Apple 2.0

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How many iPads did Apple sell last quarter?

January 22, 2014: 7:29 AM ET

The analysts' estimates range from 21 million to 28 million. Average: 25 million.

Click to enlarge.

Click to enlarge.

FORTUNE -- Four years after Steve Jobs introduced it, the iPad is Apple's (AAPL) second biggest cash cow.

If the iPhone generates a bit more than $5 of every $10 Apple collects, the iPad brings in nearly $2. And for both products, the holiday quarter -- the one that Apple reports next Monday -- is the big one.

iPad sales are harder to estimate than the iPhone's this time. The iPad Air didn't ship until Nov. 1, missing one third of the quarter; the new iPad Mini (with Retina display) showed up 12 days later and was in short supply all the way through Christmas.

But we've managed to collect unit sales estimates from 45 Apple analysts -- 28 professionals and 17 amateurs. The results are summarized in the attached bar graph.

The average estimate among all the analysts is 25 million iPads, up 10% from the same quarter last year.

The indies, as usual, are a bit more bullish than the pros. As a group, they're looking for 16% growth, compared with the Street's 8%. Unless they've updated their numbers, four sell-side analysts -- Cowan's Timothy Arcuri, Credit Suisse's Kulbinder Garcha, Citi's Glen Yeung and CLSA's Avi Silver -- still expect Apple to report a drop in iPad sales.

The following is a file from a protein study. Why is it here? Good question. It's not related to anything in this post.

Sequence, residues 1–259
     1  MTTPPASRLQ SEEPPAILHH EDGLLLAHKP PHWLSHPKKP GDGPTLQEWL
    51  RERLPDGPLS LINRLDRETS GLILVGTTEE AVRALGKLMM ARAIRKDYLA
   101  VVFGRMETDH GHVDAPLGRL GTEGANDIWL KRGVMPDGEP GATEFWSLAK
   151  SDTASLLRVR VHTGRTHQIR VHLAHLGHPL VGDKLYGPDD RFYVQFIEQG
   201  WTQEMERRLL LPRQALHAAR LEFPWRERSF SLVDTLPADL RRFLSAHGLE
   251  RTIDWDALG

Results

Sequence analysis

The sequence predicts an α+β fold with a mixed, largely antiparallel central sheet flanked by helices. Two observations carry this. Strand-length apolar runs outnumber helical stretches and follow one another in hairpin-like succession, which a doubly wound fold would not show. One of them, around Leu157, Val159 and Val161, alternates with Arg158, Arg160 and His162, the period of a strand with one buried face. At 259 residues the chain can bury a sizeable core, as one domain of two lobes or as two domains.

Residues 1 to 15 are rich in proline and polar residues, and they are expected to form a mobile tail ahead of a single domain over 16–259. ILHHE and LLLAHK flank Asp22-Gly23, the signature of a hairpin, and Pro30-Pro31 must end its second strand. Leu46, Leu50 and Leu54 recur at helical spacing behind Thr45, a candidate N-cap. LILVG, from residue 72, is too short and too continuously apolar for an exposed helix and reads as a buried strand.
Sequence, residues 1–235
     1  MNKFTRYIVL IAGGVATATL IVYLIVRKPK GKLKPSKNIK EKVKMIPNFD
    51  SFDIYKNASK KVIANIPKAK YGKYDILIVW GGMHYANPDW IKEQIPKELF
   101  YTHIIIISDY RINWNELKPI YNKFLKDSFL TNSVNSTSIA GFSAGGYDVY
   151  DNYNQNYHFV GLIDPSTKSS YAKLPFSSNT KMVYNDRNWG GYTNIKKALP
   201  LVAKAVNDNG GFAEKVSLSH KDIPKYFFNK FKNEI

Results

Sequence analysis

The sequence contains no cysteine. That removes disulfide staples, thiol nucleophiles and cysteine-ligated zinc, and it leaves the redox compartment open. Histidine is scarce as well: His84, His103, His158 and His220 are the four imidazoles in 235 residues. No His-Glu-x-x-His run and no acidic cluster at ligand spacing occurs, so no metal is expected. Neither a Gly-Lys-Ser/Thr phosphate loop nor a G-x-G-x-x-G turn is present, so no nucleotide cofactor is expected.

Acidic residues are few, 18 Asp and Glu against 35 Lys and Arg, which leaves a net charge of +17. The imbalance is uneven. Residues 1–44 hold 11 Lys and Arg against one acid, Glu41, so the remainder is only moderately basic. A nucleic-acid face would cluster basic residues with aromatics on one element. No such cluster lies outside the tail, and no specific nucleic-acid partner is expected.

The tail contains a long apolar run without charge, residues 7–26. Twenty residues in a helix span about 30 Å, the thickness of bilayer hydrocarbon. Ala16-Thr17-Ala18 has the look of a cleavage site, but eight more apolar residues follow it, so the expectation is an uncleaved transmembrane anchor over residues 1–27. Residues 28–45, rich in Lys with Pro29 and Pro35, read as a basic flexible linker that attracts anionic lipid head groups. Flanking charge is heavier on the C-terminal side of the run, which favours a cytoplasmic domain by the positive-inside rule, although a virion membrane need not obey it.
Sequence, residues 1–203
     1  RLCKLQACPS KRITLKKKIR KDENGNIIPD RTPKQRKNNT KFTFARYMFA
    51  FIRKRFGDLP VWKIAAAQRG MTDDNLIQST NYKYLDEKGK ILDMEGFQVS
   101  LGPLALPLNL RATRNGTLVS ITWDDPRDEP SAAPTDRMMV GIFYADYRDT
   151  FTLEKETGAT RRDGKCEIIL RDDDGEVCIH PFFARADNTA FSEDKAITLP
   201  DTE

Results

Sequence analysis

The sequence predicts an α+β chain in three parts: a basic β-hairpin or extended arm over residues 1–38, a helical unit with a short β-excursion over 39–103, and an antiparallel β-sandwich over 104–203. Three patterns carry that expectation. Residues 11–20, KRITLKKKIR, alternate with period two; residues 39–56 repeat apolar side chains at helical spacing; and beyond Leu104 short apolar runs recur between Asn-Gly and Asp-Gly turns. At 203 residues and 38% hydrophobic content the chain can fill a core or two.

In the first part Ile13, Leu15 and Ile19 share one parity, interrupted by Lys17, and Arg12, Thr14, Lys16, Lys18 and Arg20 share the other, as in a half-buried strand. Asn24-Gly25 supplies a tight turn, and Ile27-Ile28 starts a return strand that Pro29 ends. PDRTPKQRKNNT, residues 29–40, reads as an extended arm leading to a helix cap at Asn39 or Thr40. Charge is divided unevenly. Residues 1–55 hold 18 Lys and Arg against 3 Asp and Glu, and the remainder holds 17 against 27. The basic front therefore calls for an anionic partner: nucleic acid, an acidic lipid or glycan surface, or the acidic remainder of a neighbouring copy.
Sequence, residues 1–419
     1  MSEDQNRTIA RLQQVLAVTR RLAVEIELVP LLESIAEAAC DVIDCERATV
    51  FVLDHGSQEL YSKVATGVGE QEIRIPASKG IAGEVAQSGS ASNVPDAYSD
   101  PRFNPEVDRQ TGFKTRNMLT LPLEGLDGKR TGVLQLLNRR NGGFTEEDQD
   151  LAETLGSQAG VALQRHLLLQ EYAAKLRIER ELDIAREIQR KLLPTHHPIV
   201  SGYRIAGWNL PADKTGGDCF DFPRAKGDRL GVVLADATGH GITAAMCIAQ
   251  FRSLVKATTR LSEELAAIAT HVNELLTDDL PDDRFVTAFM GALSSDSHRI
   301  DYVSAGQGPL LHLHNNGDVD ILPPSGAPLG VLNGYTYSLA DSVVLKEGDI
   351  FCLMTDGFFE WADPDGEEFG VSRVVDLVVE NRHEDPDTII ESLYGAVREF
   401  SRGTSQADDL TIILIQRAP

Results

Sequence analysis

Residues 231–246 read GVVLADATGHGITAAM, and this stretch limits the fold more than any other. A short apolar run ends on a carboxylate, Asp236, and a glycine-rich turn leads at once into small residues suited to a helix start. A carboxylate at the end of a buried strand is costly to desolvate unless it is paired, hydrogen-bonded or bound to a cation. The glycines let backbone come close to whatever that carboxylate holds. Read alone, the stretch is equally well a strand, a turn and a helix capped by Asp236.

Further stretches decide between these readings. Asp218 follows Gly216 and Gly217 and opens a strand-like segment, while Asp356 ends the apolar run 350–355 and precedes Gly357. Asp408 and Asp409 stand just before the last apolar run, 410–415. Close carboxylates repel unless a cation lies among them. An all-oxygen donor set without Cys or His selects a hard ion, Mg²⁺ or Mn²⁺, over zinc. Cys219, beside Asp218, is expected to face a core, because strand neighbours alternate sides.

Last year, the pros were right and the indies wrong. The consensus was 24 million iPads, with the pros at 22.8 million and the amateurs at 25.5 million. The correct number, according to Apple, was 22.86 million.

We'll find out who was closest to the mark this year when Apple reports its Q1 1014 earnings after the markets close on Monday, Jan. 27 -- which happens to be the fourth anniversary of the iPad's unveiling in 2010.

Below: The individual analysts estimates, with the pros in blue and the indies in green. Thanks as always to Posts at Eventide's Robert Paul Leitao for pulling together the Braeburn Group numbers.

iPads pix

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About This Author
Philip Elmer-Dewitt
Philip Elmer-DeWitt
Editor, Apple 2.0, Fortune

Philip Elmer-DeWitt has been following Apple since 1982, first for Time Magazine, and now on the Web for Fortune.com.

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